Be the River, Not the Rock.

At Google, they have a saying: “Be the river, not the rock.”

It sounds like something Bruce Lee would tell you, just before he’d give you a roundhouse kick to the inner knee. But there’s great wisdom in this saying, which is why we’ve adopted it at Media Shower.

The rock is stationary, unmoving. The river is fluid, dynamic. While the rock is forced to sit in one place, the river finds a way around the rock, whatever it takes. What it’s really about is flow.

Everything in business is in flow. This is why we often refer to money in flow-like terms: “liquidity,” “flooding the market,” “cash flow.” Beyond money, however, everything in your business is in flow: the flow of product to your customers, the flow of development through your pipeline, the flow of information through your organization.

Or is it?

We once had a client who was trying to write the company blog herself. This rarely works, because executives are generally too busy running the business to spend time writing the blog. This client was a busy marketing manager, and every day there was a new priority that outweighed the blog, so she never got anything written.

She brought us in to begin creating blog posts, but wanted to personally edit each post before it went live. She was overloaded with other work, however, so the blog posts began to pile up. When she finally got the first post edited, several weeks later, she found a bug with their blogging platform that she needed her development team to fix. Apparently, getting her development team’s time was like trying to book a lunch appointment with Kim Jong-un, so the blog posts continued to pile up.

Two months later, they abandoned the blog. All the work we had done, to this day, is still unpublished.

You’re in the Flow Right Now

Everything in nature flows: evolution, the seasons, time, our bodies, information. If you’re a musician, you’ll appreciate that music is flow: when you stop the flow, you literally stop the music. Your business needs to have this same sense of healthy flow, an energetic rush of forward movement. You yourself are responsible for conducting that flow in your business.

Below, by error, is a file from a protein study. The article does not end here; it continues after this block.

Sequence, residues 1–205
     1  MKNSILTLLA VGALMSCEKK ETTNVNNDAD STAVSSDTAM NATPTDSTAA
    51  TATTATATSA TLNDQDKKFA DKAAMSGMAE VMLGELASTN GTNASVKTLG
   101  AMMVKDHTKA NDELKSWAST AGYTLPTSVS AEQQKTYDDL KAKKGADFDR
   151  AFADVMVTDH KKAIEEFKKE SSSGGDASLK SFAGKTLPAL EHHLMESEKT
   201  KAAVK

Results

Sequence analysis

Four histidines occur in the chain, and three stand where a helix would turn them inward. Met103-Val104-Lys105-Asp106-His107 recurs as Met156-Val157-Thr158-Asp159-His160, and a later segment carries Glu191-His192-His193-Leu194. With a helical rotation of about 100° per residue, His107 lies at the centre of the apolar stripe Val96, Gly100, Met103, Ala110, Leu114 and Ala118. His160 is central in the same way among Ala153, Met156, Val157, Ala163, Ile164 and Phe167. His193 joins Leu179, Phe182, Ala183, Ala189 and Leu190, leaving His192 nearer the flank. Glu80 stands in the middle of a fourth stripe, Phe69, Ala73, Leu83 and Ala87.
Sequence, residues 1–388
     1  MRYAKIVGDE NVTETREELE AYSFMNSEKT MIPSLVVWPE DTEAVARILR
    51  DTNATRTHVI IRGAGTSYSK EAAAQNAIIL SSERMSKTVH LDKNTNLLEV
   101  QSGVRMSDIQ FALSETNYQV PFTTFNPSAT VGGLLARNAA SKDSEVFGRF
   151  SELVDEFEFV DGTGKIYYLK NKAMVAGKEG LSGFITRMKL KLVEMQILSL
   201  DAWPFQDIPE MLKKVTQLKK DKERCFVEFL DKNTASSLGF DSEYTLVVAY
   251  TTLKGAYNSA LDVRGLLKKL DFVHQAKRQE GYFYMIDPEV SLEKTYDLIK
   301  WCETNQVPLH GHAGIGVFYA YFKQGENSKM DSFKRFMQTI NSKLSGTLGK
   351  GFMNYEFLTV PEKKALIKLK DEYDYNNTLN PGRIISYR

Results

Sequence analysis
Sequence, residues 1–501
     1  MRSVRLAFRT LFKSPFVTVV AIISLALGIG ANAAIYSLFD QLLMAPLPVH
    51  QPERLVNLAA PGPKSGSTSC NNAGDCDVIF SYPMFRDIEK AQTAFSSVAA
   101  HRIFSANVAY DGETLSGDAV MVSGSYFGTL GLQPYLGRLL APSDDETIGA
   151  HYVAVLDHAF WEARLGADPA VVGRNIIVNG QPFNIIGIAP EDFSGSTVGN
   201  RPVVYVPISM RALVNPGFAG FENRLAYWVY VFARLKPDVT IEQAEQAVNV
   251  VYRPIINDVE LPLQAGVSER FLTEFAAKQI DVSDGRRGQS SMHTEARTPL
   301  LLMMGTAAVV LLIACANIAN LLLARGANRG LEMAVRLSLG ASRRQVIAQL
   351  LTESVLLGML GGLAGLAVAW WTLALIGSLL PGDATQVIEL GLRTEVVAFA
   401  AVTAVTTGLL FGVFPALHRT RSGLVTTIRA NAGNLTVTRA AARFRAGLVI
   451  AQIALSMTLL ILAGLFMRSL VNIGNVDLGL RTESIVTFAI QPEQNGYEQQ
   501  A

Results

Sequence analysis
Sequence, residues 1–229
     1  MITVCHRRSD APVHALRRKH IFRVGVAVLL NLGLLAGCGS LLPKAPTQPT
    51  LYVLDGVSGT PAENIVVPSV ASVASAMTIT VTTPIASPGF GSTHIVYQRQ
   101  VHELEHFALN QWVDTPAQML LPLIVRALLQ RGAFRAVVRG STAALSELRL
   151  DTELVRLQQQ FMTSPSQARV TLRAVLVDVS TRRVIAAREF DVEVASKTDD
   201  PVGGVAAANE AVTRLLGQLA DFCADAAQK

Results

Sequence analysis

We instinctively know this is true, because we have a name for people who do not conduct this flow: a “bottleneck.” Literally, the neck of a bottle that restricts the flow of pouring, so the salad dressing doesn’t dump out all over the table.

To be sure, there are times when a restricted flow is necessary, but we want to be on the lookout for places where we are breaking the flow. Here are a few common places we see clients regularly “break the flow.” At Media Shower, we try to identify these up front, in our kickoff call, so we can help our clients develop systems to get the flow moving again.

  • Perfectionism. The sense that “everything must be perfect before we can release it.” Quality is our founding value, but perfectionism is often an excuse to never get anything finished (new products, software updates, content, etc.). My temptation to get this blog post perfect is overwhelming, but I’ve given myself an hour to get it finished, because “the perfect is the enemy of the good.”
  • Multiple decision makers. Sometimes this is poor internal structure, but it’s often a decision-maker who doesn’t trust his ability to make decisions. Instead, he looks to others within the organization for opinions and feedback — and since everyone has a different opinion, he trudges home sad and confused. Giving a single person responsibility, and holding him accountable, can work wonders for flow.
  • Lack of delegation. Perhaps you’ve seen something like this: a Content Manager who is unable to manage the content, because the boss also needs to review each piece of content before it goes live. Delegation is difficult, especially for those of us obsessed with quality! But without delegation, the flow is restricted to the boss’s limited time availability.
  • Technical bottlenecks. “I’ll ask my dev team to fix this. It should be completed within a year.” I believe most companies underinvest in IT, because no one wants to pay for plumbing. But seeing information technology as helping conduct the flow of information — and these days, every company is about information — can be helpful for both managers, and the IT team themselves, to prioritize their limited resources.
  • Good old procrastination. There are parts of my job that are not much fun; I suspect you can relate. (That’s why we call it “work.”) When those items come up, there is a strong temptation to do the easier work first. Answering email is a favorite procrastination technique, since you still have the illusion that you’re working. The habit to achieve is to tackle the difficult work first, then allow yourself the easier work as a reward.

People don’t mean to be bottlenecks; they’re doing the best they can. There’s always a logical reason for being a “rock,” but there’s usually a better reason for being the “river.” By helping conduct the flow of work through our company — like a faithful, hardworking pump — we not only help our businesses, we also help conduct the flow of life through ourselves.

Are you the bottleneck in your company? Or are you helping your business flow?


Sir John Hargrave is the CEO of Media Shower and author of Mind Hacking, the how-to manual for hacking your head, available in 2016 from Simon & Schuster’s Gallery Books.